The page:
WASHINGTON — The Senate is taking a key vote that could reshape the American health care system on Tuesday — but no one is exactly sure what they’ll be voting on.
Senate Majority Leader Mitch McConnell announced on Tuesday that his caucus had failed to coalesce around an Obamacare replacement plan and would instead move to a vote next week to begin debate on a “clean” repeal bill, to take effect in two years — allowing one more election cycle to pass before the need to come up with a replacement. The Congressional Budget Office estimated Wednesday that 32 million fewer Americans would have insurance under the repeal-only plan over 10 years.
At least four Senate Republicans have balked, saying they will not vote to proceed on a bill that repeals Obamacare without some kind of replacement. That means McConnell’s repeal-only motion would fail.
McConnell has vowed to hold the vote anyway, potentially putting some of his more vulnerable members in danger when they have to defend their vote for or against repealing Obamacare in 2018 and 2020 elections — from the left or the right. The conservative lobby Club for Growth has already rolled out a website featuring “Obamacare Repeal Traitors” — Republican members of the Senate who have said they would vote no on the motion. And any senator who votes yes may face Democratic attack ads saying they voted to kick 32 million Americans off insurance.
Facing this political pressure, the once-dead replacement bill appears to have come back to life, as McConnell dangled it in front of his caucus as a potential way out of the repeal-only trap.
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“I think we have two options here,” McConnell told reporters after leaving a White House lunch on Wednesday with most of his caucus and President Trump. “I think we all agree it’s better to both repeal and replace. But we could have a vote on either.”
In the meeting, Trump told senators he wanted them to stay in Washington until they agreed on a path forward on health care, and pressured them to vote for the motion to start debate next week on a bill. The president has flip-flopped repeatedly on whether he wants a clean repeal or a repeal and replace.
“Any senator who votes against starting debate is really telling America you’re fine with Obamacare,” Trump said, reading the words from a piece of paper to the senators at one point.
Now, some Republican senators are saying they want to give their replacement bill one more try. The bill stalled after Mike Lee, R-Utah, Jerry Moran, R-Kan., Susan Collins, R-Maine, Rob Portman, R-Ohio and Rand Paul, R-Ky., all came out against it for different reasons. At least four other senators were likely no votes as well, but didn’t announce their opposition. Now, many of these holdouts are meeting with Senate leadership Wednesday night to try to hash out a deal, Axios reported.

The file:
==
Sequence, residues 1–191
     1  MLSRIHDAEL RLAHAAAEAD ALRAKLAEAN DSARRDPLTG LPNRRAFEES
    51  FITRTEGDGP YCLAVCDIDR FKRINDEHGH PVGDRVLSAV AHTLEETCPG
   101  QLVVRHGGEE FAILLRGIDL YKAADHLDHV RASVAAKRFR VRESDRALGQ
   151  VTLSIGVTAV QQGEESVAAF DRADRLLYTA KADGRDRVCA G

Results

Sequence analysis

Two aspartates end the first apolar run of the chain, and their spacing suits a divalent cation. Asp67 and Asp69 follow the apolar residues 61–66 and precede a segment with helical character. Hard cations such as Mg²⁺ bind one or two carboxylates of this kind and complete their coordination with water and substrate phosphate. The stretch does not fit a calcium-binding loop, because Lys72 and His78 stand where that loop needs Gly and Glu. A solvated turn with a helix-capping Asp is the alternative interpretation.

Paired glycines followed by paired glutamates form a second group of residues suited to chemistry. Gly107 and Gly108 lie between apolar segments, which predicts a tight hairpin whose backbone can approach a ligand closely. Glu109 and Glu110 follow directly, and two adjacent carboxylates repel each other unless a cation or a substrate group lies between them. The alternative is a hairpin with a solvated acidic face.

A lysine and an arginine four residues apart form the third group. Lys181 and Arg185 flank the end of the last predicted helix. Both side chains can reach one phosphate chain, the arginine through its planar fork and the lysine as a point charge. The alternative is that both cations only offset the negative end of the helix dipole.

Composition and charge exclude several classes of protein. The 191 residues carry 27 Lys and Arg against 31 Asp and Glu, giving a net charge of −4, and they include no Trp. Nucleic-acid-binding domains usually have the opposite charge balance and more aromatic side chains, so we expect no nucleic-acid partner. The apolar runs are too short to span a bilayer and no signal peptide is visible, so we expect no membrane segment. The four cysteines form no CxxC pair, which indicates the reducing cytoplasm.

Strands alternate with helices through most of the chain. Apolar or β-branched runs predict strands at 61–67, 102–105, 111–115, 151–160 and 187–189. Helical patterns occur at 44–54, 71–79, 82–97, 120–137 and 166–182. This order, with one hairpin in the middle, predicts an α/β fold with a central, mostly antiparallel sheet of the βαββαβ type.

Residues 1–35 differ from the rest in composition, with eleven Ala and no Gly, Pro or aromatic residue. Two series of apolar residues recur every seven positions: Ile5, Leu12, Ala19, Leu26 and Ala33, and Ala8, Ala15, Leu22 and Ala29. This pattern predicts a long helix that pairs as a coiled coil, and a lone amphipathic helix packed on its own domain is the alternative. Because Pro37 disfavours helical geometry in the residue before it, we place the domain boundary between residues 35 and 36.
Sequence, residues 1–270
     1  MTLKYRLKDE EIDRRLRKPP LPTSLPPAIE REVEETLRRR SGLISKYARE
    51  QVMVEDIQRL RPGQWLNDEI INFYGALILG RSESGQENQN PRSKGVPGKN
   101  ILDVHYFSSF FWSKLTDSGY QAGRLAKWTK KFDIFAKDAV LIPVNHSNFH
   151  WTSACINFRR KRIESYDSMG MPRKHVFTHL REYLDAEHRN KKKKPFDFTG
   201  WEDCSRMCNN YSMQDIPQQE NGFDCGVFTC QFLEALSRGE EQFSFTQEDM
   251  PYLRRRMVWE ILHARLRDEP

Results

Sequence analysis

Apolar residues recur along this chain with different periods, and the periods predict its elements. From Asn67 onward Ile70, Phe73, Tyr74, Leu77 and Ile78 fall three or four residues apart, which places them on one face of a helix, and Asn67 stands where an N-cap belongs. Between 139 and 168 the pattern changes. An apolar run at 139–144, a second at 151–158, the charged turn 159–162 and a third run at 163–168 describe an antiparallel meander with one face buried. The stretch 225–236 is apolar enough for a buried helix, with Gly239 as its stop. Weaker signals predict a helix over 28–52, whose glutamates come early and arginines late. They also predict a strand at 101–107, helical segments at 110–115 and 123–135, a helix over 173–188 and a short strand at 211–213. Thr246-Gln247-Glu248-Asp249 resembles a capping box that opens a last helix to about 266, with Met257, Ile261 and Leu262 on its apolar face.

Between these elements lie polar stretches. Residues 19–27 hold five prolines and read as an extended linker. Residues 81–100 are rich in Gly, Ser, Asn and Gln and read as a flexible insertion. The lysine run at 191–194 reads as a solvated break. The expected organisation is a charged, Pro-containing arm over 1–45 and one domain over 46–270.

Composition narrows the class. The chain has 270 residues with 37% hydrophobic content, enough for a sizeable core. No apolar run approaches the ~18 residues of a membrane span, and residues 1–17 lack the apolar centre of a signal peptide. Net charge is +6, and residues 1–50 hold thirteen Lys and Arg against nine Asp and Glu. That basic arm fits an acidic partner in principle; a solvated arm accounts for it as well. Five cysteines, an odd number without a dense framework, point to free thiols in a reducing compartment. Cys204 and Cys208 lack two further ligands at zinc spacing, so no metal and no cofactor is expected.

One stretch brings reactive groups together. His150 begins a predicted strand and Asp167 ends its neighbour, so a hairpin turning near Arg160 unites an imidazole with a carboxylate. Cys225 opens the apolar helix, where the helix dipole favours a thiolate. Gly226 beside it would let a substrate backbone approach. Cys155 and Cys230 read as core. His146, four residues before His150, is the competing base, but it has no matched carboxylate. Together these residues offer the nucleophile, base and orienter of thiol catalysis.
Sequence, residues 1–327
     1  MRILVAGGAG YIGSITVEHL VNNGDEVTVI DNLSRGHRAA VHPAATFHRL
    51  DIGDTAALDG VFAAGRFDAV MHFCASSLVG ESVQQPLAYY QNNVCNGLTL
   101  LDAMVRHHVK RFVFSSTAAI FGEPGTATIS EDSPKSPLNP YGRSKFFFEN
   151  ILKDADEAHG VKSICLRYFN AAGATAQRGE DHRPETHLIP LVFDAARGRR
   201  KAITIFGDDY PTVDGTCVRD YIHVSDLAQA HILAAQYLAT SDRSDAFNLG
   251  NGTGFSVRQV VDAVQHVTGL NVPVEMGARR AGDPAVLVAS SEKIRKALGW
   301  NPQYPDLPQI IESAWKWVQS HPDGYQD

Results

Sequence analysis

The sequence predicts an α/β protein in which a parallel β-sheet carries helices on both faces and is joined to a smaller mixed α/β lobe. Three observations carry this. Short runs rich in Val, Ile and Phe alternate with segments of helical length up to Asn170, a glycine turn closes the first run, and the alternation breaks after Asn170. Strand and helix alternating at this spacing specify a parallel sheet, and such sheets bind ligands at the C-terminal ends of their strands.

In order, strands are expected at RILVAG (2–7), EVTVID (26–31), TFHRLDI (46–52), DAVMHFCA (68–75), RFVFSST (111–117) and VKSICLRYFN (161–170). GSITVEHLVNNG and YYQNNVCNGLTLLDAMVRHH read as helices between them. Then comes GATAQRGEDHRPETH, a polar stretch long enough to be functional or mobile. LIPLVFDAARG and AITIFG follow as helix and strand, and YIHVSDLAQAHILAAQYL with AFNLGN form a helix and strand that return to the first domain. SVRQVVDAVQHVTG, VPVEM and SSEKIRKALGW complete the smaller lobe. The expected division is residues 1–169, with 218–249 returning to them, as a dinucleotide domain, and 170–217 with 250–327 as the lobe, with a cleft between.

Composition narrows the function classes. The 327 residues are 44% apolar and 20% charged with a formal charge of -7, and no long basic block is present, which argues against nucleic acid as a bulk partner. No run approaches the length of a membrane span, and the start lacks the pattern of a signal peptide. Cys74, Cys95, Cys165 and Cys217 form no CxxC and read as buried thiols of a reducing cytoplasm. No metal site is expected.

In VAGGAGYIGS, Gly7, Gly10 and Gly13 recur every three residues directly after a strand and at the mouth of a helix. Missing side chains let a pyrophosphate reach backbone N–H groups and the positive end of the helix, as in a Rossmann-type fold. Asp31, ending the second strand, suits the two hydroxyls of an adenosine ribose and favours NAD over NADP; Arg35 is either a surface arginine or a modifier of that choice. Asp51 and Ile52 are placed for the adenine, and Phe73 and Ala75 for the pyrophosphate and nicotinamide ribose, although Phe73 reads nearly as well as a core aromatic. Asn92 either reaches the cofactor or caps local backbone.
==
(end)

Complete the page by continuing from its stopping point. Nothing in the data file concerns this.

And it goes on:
“We’re trying to get to replace, and I think we have a shot, we’re going to take one more shot at it,” Sen. John Thune, R-S.D., told NBC News.
Sen. Mike Rounds, R-S.D., also said Wednesday he’s “not ready to give up on the bill” and believes it’s possible to get 50 members of the caucus to agree on it.
The pressure McConnell is putting on his members is causing some resentment among those who want to start over and move the health care debate to an open committee process.
Sen. Ron Johnson, R-Wis., told Yahoo News he wants to spearhead a rigorous analysis of how to fix the current system in committee starting next week.
Asked if it made sense to force a vote on clean repeal before giving Senate Republicans a chance to find a new plan, Johnson responded, “Talk to leadership in terms of what their thinking is there.”
“I would approach this process differently,” he added.
Johnson said if he was “forced” to vote on a motion to proceed on clean repeal next week, he would vote yes.
“When you’re trying to solve a complex problem you need to start with a rigorous process to gather as many facts as possible before you start setting achievable goals and certainly before you start designing the legislation,” Johnson said.
Other Republican senators, however, are embracing the repeal-only route, and say they aren’t thinking of the political consequences.
“That’s not the way I’m looking at it,” Sen. Pat Toomey, R-Pa. said. “We’ve made a commitment for seven years and God knows how many times. Let’s have the vote. Let’s go on record.”
Whether they’ll be voting on a revived version of the repeal-and-replace plan or the clean-repeal bill they’ve been campaigning on for years remains to be seen.
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